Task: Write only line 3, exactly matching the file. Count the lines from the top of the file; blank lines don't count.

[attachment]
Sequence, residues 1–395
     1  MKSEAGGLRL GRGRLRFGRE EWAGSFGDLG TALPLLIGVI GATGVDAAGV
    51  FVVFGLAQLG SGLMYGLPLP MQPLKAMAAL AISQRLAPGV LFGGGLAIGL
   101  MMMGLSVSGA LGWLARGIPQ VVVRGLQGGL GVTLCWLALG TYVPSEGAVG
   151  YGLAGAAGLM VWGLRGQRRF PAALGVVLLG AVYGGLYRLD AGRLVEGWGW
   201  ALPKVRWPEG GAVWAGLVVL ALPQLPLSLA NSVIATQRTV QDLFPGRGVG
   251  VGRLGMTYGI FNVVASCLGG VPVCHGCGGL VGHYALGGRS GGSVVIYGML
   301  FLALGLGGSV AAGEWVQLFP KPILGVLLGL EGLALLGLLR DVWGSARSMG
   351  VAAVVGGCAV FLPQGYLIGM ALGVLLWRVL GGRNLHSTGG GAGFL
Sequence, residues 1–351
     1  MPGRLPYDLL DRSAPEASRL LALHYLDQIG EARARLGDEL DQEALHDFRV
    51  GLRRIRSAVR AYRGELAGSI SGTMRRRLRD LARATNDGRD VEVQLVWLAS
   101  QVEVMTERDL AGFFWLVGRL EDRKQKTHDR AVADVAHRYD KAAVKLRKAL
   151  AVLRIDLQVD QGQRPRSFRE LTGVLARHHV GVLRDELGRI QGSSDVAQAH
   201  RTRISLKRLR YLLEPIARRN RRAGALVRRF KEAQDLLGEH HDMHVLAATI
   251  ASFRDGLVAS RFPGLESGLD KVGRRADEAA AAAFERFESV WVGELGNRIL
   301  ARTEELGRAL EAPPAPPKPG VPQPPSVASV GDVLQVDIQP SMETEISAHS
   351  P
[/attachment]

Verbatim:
    51  FVVFGLAQLG SGLMYGLPLP MQPLKAMAAL AISQRLAPGV LFGGGLAIGL